Now with Mark’s verse five and parallels we see a significant difference in the reports of the details. Mark reports that the women saw “a young man.” Matthew on the other hand says they saw “an angel,” presumably the same angel that had rolled back the stone. And Luke reports “two men.” Actually this isn’t as much of a problem as it might seem on the surface. The white clothing of the “young man” is standard for angels; and he gave the women a revelation, which is the role of an angel. So that harmonizes Mark with Matthew. One can identify the “two men of Luke’s account as angels for the same reasons as the “young man” in Mark, so the only real difference is the number–two instead of one. Interestingly the Gospel of John reports “two angels” (Jn. 20:12), which supports both Luke’s report of two and that they were angels. The only thing one can do with this difference is to assume that there were two angels involved, and that Matthew and Mark reported only one.
According to Luke, the women saw two men. When one looks at all the parallels, it is clear that the two men were angels. The angels terrified the women, but they calmed the women down and gave them a revelation. Jesus was not there. He had risen (vv. 4-5).
Now then, we must realize that the empty tomb in and of itself did not prove anything. It merely indicated that the body was gone. That is why the angels gave the revelation. Having been assured that Jesus was alive, and reminded about Jesus’ earlier teachings (v. 8) about his death and resurrection, the women returned to the eleven and told them everything. But the eleven did not believe them (v. 11).
But Peter was intrigued enough to run to the tomb to see for himself (v. 12). The Gospel of John tells us that John went with Peter to the tomb (Jn. 20:1-10).
In our last essay we studied Luke 22:66-23:25 in which we saw the trials of Jesus before the Jewish Council, Pilate and Herod. In this essay we are studying 23:26-49 in which we find the crucifixion and death of Jesus. Death by crucifixion was one of the cruelest and most degrading forms of execution ever devised by humanity. Normally the criminal was stripped naked. And after being scourged, his outstretched arms were nailed or tied to the crossbeam. The crossbeam was then lifted up with the body on it and fastened to an upright stake already sunk into the earth. The feet were then nailed to the upright beam, which had a block of wood attached to it that served as a sort of saddle for the victim’s body. That enabled the weight of the body to rest on the wooden block.
Crucifixion was largely death by exhaustion. It caused a burning fever, extreme thirst, stiffening of the joints, and great pain. The agony would increase hour by hour; and many victims would suffer for a couple of days before expiring. Often it was a build-up of fluid in the lungs that finally did the victims in.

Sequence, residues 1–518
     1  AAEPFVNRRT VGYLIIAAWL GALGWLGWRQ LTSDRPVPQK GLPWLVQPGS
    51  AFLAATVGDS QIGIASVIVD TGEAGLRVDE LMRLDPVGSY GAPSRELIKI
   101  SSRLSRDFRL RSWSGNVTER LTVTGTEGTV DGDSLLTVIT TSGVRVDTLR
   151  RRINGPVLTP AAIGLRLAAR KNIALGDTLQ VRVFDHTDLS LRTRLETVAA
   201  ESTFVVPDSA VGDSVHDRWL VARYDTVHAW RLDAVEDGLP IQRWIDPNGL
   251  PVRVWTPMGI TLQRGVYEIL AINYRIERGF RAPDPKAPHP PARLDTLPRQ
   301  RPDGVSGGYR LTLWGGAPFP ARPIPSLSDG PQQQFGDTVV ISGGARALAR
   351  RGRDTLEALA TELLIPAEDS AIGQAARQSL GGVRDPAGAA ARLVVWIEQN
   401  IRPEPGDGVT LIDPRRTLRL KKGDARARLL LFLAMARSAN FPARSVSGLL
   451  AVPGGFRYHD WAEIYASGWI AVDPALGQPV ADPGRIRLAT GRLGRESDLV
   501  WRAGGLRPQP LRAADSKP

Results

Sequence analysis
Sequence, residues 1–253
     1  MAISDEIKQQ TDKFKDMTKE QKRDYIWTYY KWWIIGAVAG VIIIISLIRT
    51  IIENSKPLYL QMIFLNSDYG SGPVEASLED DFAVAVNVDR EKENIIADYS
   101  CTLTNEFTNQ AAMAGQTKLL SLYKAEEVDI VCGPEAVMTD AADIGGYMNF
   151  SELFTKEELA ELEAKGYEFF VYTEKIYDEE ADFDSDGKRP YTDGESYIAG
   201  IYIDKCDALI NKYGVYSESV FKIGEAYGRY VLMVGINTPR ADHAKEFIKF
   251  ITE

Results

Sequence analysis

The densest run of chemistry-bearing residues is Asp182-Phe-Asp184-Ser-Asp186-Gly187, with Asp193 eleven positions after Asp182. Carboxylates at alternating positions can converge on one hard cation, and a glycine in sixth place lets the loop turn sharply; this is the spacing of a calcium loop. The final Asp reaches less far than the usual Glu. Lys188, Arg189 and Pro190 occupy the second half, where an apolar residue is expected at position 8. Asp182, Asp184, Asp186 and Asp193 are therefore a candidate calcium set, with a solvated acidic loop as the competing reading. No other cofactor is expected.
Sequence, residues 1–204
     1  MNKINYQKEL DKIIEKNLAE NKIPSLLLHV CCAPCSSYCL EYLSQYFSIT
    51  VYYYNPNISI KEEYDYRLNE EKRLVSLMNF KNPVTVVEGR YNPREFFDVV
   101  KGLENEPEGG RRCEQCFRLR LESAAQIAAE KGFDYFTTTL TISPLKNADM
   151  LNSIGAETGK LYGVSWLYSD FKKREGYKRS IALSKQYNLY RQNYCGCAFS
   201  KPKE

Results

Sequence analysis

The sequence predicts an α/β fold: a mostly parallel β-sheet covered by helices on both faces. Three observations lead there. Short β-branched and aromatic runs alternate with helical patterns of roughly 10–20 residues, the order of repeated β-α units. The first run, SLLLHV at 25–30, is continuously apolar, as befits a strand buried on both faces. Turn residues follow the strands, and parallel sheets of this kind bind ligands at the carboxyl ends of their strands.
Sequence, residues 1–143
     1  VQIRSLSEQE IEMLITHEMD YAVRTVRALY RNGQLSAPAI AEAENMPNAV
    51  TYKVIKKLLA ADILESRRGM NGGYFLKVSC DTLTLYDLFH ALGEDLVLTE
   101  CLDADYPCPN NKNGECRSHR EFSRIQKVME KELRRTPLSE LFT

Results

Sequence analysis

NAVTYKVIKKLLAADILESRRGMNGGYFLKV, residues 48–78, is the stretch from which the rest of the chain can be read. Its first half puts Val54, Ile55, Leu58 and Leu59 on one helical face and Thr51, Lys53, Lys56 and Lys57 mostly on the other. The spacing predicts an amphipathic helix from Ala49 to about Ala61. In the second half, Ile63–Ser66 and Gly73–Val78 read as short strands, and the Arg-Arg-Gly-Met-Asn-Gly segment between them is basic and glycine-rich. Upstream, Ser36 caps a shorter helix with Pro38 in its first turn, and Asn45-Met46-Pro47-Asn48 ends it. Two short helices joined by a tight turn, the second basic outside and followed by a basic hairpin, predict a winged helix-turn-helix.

The Romans learned the practice from the Carthaginians, who had learned it from the Persians. The Romans reserved crucifixion for slaves and the worst of criminals who were not citizens of Rome. Such a death would have been unthinkable for a Roman citizen, regardless of the crime committed.
It was standard practice to carry out executions outside city walls. But it was done near a busy road so that a maximum number of people could observe it and be deterred from committing the same crime. An officer and four soldiers carried out the sentence. The officer walked to the place of execution ahead of the soldiers and the condemned man. He carried a placard that stated the crime committed by the criminal. The purpose of the placard was deterrence. The Romans wanted everyone to know that such crimes would result in crucifixion.
The location of Jesus’ execution was a place called “Golgotha” in Aramaic. The word means “a skull.” The word “Calvary,” which we hear so often in relation to this place is the Latin word for “skull.” As we see in Luke (v. 26), somewhere along the route to Calvary, the Romans forced a man, Simon of Cyrene, to carry Jesus’ cross, apparently because Jesus no longer had the strength to carry it himself.
Verses 27-31 are not found in Mark or Matthew. In them Luke tells us that a large crowd followed the procession, and certain women were wailing for Jesus. But he turned to them and told them not to weep for him but for themselves and their children. He knew that a time was coming when there would be such suffering that the women of Jerusalem would wish they had not had children, perhaps a reference to the coming horrors of the siege of Jerusalem in AD 70. The idea set forth in the saying in verse 31 about green and dry wood is that if the Romans were crucifying Jesus (the green wood that does not burn easily), what would happen to the Jews (the dry wood that does burn easily).